Scouting Ireland has set aside €2.5 million to cover the cost of legal cases taken by survivors of historic child abuse in its legacy organisations.
The youth organisation has conducted a review of the legal liabilities it may face following revelations late last year that more than 300 children were alleged sexually abused in former scouting organisations.
Legal firm Mason Hayes & Curran was hired to review the organisation’s files on the abuse and assess the extent of Scouting Ireland’s financial exposure from potential legal cases.
On foot of the review, Scouting Ireland has accounted for financial liabilities of €2.5 million to cover “claims or threatened claims” from survivors, according to the organisation’s latest financial accounts.
The accounts, seen by The Irish Times, are due to be put before the organisation’s members for approval at an extraordinary general meeting on October 30th.
It is understood to date the vast majority of the alleged victims have not moved to take legal action against Scouting Ireland.
The estimated figure of financial liabilities to cover the fallout from the past abuse should be reviewed each year, the accounts stated. Separately the organisation has increased its membership fees to help finance a fund to pay for counselling for survivors.
The major child abuse scandal emerged last year, and there are now 321 alleged victims identified and 247 alleged perpetrators.
The abuse mainly took place between the 1960s and 1990s, with some evidence of a cover-up occurring at the time, and that known abusers were permitted to move between troops.
Norman Spicer, a lawyer with Coleman Legal Partners, said provisions of €2.5 million would be "eaten into quite quickly" by legal fees if the organisation had to defend even upwards of 50 cases in court.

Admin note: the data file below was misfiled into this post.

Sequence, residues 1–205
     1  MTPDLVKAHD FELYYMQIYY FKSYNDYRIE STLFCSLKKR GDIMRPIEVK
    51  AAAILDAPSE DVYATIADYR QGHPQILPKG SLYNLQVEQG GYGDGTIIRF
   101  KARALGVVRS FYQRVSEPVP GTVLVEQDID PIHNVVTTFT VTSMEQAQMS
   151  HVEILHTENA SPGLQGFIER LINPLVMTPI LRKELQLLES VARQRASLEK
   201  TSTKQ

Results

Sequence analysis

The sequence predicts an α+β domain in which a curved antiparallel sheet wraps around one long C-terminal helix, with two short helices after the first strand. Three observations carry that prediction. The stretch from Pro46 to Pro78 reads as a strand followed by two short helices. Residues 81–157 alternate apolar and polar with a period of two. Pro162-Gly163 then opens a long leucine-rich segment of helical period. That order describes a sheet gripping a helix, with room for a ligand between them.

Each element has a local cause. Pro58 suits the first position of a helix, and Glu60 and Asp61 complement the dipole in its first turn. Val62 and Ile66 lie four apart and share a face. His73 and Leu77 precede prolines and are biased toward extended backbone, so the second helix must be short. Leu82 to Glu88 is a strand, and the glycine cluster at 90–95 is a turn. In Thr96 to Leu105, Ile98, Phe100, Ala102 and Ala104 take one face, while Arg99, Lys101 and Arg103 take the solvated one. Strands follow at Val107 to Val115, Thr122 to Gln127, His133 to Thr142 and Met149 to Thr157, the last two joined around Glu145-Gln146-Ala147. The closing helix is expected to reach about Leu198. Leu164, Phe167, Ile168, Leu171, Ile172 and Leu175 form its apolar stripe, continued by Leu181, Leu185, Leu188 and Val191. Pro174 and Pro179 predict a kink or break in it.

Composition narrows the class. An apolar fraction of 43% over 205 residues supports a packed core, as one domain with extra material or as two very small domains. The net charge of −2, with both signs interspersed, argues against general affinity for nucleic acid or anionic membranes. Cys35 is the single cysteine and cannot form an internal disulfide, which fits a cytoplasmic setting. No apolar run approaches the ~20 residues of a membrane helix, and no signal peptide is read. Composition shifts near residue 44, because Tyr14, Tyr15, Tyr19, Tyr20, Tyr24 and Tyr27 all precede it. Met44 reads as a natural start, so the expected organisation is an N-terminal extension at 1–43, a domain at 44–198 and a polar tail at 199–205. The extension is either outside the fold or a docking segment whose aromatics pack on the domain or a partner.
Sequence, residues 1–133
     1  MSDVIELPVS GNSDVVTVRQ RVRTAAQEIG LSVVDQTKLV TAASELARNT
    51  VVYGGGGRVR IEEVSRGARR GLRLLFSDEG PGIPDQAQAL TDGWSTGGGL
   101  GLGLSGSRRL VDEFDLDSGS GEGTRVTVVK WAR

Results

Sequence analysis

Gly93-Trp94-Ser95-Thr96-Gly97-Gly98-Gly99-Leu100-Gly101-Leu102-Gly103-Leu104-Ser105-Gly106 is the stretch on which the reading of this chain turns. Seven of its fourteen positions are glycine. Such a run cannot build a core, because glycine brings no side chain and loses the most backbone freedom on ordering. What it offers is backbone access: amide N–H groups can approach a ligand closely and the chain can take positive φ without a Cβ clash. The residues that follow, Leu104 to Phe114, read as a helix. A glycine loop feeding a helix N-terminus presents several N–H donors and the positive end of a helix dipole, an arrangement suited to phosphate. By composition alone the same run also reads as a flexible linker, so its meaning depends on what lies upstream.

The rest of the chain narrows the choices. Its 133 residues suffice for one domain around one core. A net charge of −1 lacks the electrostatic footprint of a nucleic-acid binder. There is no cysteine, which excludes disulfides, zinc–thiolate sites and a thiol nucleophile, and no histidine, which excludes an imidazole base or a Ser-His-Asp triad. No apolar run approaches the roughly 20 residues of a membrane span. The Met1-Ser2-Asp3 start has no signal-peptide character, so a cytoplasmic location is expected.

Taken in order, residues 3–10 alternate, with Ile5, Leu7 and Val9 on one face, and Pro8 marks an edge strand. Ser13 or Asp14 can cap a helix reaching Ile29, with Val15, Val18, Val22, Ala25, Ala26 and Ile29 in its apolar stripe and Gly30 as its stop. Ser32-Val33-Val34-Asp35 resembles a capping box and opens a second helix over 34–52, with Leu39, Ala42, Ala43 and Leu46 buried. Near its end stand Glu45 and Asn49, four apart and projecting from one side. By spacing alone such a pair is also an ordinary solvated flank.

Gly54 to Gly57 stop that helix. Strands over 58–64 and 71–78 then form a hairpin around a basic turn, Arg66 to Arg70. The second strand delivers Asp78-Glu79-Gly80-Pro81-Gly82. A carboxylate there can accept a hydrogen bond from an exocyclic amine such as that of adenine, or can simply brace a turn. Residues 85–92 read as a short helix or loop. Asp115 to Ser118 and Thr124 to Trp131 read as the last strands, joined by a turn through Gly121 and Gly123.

The legal firm specialises in abuse cases and is representing approximately 20 clients who are alleged victims of abuse in scouting bodies.
Any future apology from Scouting Ireland “rings hollow if it’s only words”, Mr Spicer said. The firm had written to the organisation asking it to consider dealing with its clients in a “less adversarial manner” than the courts, but had received no response to the request, he said.
Scouting Ireland’s financial difficulties have been further compounded after several fire, safety and health concerns were recently uncovered in one of its main centres used for large overnight trips.
The organisation has since had to close the indoor accommodation at its Mount Melleray scout centre, Co Waterford, as it had been deemed unsafe. The centre had the capacity to house 300 people indoors, and the estimated cost of the work to bring the centre into line with safety standards exceeds €1.2 million.
Mount Melleray is one of Scouting Ireland’s five national centres and has been used for scouting trips since 1979. Several preliminary meetings have taken place to discuss the centre and the viability of funding required improvements.